Scarlet dies? Yeah, that’s fine. She needed to die, mostly because she was a poorly crafted villain. I do want to give props to her voice actor this time around because I thought her lines were well delivered. I really didn’t feel a sense of accomplishment for killing Scarlet (thank you to the meddling NPCs who at least allowed me the killing blow). Just felt rather more a “good riddance,” if anything.
She wanted to talk. She wanted to explain her plan, like most villains do when they’re stuck in a tight spot. This one time, however, it would have been welcome and possibly interesting. I wish there had been more time to see some sort of internal struggle with Scarlet, as we know she was under the corruption and control of the Elder Dragon. That might have made me actually feel something when I killed her. Missed opportunity.
Instead? Nope. Your NPC friends intercept, tell her to shut up, and start attacking. Well, thanks guys for giving me an option.
Speaking of GW2 NPCs…
The NPCs are a big part of the turn-off to me during this scenario. I really can’t stand the Jory/Kas mushy fan service that the writers keep driveling all over every episode. I get it guys. Throw this so-called “relationship” in our face some more.
Do these writers think that people who are in love actually talk like this in public and in times of battle? Really?
The whole thing was a big fawning, mush-fest where Kas whines and cries and hiccups to the point of annoyance. I guess they were going for a story of riches to rags to hero with her, but it didn’t work for me. It doesn’t help that during the last update, if you were unlucky enough to hang out Lornar’s Pass refugee camp, all you heard was Jory/Kas fawning over each other non-stop. Don’t know if it was a bug, but they seriously never shut up.
People cry “character development!” “Romance!” Really, it’s neither. Just a shallow attempt at an unrealistic relationship for the sake of fan service. From the “squeeeeee!” I’ve been seeing, I guess it reached the target audience. No offense to those who like it, I suppose I’m just not one of them.
I know the writers can do better. Rox and Braham, for example. I felt they were done justice. We have two characters from drastically different backgrounds who become friends and companions in battle. They don’t have to have a romantic relationship and to suck face at the end of the scene to be meaningful. Instead, we see them both come to a mutual understanding about what matters the most — they were able to mature to a point where they could put themselves aside for the sake of their friend. That says a lot more to me, and I was pleased to see it — THAT is what I feel the underlying theme of GW2 is really about!
My Sympathies to the Writers
I’ve been putting a lot on the shoulders of the game writers in this post. On one hand, I’m sympathetic. I feel like the writers were stuck in a bad spot given that they crafted their way into a corner and a majority of the story-driven players didn’t respond to Scarlet or the pre-created scenarios the way they expected. That’s sadly how it goes sometimes… I wonder how much leeway they were given seeing that they probably had sprints to fill and content already set in stone for the Living Story ahead of time.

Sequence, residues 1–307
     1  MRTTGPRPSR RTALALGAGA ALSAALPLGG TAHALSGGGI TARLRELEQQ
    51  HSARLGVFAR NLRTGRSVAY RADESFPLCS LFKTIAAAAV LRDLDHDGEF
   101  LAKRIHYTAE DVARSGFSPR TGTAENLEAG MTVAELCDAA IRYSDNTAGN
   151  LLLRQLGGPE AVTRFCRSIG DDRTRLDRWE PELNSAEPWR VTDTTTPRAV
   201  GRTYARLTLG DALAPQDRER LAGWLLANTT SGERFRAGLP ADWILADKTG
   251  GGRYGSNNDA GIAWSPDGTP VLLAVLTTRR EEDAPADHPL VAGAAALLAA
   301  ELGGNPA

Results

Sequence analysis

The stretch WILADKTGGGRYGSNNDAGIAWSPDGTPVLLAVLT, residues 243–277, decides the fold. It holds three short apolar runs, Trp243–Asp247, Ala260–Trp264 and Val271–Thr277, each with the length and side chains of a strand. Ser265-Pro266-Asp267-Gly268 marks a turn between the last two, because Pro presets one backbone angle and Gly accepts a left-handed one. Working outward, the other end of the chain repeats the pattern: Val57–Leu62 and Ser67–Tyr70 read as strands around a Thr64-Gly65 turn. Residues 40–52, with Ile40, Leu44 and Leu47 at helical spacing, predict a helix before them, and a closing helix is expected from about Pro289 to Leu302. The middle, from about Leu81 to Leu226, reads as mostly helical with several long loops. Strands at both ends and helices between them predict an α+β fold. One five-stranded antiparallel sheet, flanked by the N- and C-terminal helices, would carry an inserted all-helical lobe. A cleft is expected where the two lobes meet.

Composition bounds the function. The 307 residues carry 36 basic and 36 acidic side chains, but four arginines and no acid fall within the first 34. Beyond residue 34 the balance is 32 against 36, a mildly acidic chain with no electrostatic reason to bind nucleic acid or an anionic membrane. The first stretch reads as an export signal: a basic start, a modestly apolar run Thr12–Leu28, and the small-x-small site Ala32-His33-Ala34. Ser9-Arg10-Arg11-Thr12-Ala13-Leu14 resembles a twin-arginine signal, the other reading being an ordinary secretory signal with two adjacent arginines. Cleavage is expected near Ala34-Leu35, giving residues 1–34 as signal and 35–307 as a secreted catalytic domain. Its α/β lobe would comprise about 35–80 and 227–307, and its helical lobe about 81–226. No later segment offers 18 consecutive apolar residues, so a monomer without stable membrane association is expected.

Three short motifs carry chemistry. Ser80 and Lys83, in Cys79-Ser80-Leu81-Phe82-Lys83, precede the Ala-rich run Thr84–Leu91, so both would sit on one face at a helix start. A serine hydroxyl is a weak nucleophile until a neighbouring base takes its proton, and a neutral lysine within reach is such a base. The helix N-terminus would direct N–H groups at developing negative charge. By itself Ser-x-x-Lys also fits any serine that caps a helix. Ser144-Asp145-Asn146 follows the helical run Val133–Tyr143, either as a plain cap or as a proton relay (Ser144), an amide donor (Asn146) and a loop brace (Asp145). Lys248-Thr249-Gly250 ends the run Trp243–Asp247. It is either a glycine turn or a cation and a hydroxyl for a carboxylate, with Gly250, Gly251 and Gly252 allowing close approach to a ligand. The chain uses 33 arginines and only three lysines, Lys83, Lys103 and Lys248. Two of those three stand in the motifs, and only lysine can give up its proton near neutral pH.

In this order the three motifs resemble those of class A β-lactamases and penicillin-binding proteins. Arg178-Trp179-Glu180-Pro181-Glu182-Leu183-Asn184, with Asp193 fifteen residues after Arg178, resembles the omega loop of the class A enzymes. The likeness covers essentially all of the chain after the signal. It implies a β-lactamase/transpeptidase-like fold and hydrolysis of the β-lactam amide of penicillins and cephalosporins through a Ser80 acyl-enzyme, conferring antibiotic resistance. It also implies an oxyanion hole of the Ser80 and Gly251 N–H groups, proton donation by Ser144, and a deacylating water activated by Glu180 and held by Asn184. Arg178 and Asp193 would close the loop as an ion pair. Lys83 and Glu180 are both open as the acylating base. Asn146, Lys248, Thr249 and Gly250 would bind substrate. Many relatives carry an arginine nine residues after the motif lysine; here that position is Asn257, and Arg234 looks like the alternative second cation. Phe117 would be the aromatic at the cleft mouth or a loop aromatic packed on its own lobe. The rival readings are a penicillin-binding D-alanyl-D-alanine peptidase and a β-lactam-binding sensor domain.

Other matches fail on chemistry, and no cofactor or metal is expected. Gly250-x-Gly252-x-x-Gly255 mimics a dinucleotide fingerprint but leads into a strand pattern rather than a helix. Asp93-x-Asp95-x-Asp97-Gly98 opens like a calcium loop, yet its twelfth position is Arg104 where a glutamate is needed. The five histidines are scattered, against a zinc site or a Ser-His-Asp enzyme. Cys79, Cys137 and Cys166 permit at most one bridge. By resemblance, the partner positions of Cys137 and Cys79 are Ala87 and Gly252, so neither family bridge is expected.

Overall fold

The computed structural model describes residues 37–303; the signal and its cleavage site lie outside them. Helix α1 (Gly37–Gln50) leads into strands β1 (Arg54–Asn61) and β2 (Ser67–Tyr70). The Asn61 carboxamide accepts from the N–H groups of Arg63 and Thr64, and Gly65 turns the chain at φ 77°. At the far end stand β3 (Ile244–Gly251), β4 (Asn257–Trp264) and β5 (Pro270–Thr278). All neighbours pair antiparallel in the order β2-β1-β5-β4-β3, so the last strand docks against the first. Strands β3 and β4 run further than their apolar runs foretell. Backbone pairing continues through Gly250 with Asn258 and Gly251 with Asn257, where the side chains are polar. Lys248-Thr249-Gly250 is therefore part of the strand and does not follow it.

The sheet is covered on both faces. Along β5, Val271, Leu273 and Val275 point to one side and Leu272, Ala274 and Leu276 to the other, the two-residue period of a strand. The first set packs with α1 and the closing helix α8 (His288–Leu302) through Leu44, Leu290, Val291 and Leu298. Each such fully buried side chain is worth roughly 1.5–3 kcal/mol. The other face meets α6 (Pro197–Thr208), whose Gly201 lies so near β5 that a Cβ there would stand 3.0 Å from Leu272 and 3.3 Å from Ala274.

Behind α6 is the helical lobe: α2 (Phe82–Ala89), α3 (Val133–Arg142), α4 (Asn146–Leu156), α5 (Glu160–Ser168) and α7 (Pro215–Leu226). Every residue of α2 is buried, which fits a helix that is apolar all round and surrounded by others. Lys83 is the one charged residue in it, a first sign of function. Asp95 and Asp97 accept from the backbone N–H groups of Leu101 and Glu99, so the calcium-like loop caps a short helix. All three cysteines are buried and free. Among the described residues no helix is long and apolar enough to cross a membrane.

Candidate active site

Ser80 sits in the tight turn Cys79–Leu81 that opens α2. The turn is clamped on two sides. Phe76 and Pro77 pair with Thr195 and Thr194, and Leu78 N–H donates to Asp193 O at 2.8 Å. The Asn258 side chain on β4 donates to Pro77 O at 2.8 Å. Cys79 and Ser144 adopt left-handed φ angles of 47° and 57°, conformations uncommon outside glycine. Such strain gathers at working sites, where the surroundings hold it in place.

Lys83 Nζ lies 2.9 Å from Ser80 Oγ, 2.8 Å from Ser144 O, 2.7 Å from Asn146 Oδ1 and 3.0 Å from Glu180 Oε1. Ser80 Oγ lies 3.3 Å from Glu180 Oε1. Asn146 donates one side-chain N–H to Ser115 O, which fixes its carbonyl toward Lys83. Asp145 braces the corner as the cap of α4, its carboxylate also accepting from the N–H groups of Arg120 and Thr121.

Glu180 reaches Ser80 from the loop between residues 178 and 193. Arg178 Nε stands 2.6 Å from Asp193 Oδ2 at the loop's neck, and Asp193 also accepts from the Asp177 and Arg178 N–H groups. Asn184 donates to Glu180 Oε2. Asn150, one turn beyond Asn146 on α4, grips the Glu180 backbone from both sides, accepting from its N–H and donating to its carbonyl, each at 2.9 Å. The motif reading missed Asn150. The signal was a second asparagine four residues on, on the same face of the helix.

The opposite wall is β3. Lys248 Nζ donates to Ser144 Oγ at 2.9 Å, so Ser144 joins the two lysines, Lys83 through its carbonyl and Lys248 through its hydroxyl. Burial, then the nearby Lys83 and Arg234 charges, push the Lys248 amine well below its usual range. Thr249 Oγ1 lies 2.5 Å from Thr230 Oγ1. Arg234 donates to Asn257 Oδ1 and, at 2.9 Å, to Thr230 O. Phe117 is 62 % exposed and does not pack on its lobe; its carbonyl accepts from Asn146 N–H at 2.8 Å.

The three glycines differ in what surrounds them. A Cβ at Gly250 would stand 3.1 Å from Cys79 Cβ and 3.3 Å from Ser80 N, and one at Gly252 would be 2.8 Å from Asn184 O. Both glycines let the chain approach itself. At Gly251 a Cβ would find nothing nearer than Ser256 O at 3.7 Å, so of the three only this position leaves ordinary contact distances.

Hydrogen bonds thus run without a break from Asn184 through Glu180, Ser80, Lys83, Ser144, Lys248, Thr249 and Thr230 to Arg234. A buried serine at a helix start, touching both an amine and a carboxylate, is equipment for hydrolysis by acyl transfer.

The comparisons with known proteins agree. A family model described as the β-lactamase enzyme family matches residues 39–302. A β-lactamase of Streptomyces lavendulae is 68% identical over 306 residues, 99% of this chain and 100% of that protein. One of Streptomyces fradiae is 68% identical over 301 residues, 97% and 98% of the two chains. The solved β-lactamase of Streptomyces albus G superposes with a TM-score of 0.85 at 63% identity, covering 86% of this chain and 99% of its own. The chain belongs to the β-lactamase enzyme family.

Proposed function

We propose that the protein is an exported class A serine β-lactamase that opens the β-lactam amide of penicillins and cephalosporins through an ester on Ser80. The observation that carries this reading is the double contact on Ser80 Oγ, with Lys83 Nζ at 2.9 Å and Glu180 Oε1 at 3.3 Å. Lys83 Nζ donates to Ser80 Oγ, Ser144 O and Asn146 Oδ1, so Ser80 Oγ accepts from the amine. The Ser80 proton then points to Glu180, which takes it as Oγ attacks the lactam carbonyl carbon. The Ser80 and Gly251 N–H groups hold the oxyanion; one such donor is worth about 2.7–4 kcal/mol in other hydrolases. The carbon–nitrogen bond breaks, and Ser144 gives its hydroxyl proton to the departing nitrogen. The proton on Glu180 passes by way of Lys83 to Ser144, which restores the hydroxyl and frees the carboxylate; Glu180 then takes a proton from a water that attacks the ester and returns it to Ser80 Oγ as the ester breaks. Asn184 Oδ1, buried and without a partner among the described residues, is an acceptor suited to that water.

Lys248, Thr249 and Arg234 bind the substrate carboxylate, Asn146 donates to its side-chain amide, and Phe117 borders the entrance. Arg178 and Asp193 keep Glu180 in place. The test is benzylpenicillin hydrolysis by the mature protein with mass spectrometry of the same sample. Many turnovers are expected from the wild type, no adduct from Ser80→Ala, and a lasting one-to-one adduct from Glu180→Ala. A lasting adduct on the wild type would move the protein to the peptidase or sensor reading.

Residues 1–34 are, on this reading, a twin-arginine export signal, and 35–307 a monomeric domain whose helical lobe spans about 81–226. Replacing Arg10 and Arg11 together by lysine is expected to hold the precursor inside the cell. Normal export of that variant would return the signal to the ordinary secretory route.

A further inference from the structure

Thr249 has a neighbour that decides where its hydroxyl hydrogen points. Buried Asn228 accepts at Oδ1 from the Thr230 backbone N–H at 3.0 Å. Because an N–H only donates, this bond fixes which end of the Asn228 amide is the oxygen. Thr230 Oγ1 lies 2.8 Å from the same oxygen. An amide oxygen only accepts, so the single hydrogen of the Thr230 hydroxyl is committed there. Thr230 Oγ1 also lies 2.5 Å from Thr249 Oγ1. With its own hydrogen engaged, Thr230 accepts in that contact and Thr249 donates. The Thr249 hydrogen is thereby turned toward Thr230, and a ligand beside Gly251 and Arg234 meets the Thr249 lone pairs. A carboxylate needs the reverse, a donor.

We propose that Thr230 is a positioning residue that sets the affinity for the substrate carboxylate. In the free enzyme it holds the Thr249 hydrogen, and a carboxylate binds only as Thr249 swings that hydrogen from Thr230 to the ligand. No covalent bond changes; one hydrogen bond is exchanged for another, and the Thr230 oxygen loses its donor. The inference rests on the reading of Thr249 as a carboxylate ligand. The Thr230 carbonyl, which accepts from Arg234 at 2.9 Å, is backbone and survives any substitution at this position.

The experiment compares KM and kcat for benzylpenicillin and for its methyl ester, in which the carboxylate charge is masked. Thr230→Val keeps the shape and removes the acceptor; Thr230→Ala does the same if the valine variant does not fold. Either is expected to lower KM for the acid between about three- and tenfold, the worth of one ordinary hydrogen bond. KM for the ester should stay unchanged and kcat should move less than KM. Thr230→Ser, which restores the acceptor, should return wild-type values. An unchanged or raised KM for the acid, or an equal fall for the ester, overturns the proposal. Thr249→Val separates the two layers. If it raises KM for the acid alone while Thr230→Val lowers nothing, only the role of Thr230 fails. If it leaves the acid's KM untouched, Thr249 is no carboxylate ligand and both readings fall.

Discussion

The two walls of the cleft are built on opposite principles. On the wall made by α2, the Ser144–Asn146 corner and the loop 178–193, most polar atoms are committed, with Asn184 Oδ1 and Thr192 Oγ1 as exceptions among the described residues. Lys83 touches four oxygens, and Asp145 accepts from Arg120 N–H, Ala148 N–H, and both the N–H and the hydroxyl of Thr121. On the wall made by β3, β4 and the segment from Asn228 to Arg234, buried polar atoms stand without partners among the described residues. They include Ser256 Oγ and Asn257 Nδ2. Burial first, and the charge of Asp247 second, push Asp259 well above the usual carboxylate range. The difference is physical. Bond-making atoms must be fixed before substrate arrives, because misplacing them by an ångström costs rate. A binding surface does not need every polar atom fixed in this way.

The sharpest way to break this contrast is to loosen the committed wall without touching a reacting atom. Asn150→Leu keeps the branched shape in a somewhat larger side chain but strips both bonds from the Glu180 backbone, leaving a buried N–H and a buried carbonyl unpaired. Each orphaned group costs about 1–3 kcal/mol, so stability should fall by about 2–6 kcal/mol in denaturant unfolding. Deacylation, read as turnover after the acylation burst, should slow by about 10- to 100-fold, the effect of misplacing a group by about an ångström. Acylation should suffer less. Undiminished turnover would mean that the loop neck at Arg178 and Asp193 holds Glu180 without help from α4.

On the other hand, the moment fans seemed to start to ship things, as fans do, they totally blew it all out of proportion to the point that it was overused. Any more Jory/Kas action and I’d be gagging. Sorry guys.
FFXIV In Comparison…
Players like me come to a game for an engaging storyline. I read quests. I watch the cut scenes. I’m not there just to burn down bosses and zerg. With that, comes expectations.
I asked myself if my expectations were out of line. Is it just that I’ve been there, done that so much for long over 20-some years, that my threshold is impossible to meet? I thought about it a while and I decided that I really don’t think so.
For example, let me compare this to the other MMO I’ve indulged in lately — FFXIV. After the rather underwhelming ending in GW2, I put some time into the main scenario storyline in FFXIV and found myself much more satisfied. Not to spoil anything, it went like this:
I overcame a really big-boss battle, thanks to the help of guildies. I felt super accomplished — we did it! While riding high on that feeling, I returned to report back to my home base as I normally would, only to find something terrible happened there. I walked inside, took one look and my heart dropped into my stomach as I verbally said, “Oh, no…”
The game suddenly established the bad guys as a real and personal threat to me and NPCs I care about. I found myself without the support of characters I was accustomed to having near me ever since the game began. They guided my path, helped me to grow, gave me a place to belong, and were central to my character’s place in the world.
Without them, I was left to find help in the kindness of strangers. And from there, at my lowest point, I discovered hope in new and unexpected companions. I experienced a variety of emotions during this playthrough and I felt that the whole thing (despite alot of running around I had to do), was well written and nicely paced.
This, I thought to myself, is how to present a meaningful story in an MMO.
Oh, I can hear it now. What did you say?
“If you like FFXIV soooo much better, go play it.”
Well, duh. That’s what I’ve been doing.
But that doesn’t mean I can’t hold out hope that GW2 learned a thing or two about the importance of writing during this Living Story experiment. I’ll return to see the final update in two weeks and check in on Living Story 2.0 once that gets underway.